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  • [BANJO MUSIC PLAYING]

  • [GUNSHOT]

  • [TRAIN HORN SOUNDING]

  • [COINS JINGLING]

  • RICK: OK, so what do we got here?

  • I have a letter from John Quincy Adams.

  • - John Quincy Adams, huh? - Yes.

  • RICK: 1822-- he was Secretary of State then?

  • Yes, and he was president in 1824.

  • Well, he was elected in 2004, and then there

  • was no inauguration till March because they didn't want

  • to travel in the winter time.

  • [LAUGHTER]

  • I found it in a box of items that I got from my uncle

  • when my uncle passed away.

  • I'd like to get $6,000 for it.

  • I would drop down to $5,000, but that would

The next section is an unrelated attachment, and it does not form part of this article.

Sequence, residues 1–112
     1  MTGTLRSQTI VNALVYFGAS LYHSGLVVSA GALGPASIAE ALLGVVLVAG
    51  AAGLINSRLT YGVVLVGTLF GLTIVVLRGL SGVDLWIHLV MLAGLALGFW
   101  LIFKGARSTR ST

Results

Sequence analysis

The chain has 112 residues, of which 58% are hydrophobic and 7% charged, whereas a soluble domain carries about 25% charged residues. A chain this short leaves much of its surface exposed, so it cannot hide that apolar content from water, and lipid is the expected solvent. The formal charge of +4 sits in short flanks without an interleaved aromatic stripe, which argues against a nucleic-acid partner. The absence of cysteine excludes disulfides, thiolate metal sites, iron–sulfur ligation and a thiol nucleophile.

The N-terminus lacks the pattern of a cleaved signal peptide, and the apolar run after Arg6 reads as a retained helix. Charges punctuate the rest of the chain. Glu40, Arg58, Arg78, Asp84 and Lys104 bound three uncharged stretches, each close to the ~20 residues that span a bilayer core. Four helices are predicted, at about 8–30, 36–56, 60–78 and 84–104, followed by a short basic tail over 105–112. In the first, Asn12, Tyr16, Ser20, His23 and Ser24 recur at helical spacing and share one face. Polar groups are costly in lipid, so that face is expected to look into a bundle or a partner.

• probably be the least I'd take.

  • RICK: So what is this letter about?

  • This letter actually pertains to a census that was taken.

  • And they included 16- to 18-year-old undocumented

  • immigrants who were here.

  • And they had to go back and fix it to the proper census.

  • So basically we have here John Quincy Adams being

  • Secretary of State, sending a letter saying,

  • you did the census wrong.

  • Redo it. TED: Right.

  • OK. Interesting.

  • Yeah.

  • A letter signed by the president--

  • the content is so important. TED: Right.

  • If you had a letter by Abraham Lincoln talking about freeing

  • the slaves, that is worth a lot more

  • than Abraham Lincoln complaining that his bathroom doesn't work.

  • [LAUGHS] Do you understand what I'm saying?

  • Yeah. RICK: Yeah.

  • The content does matter.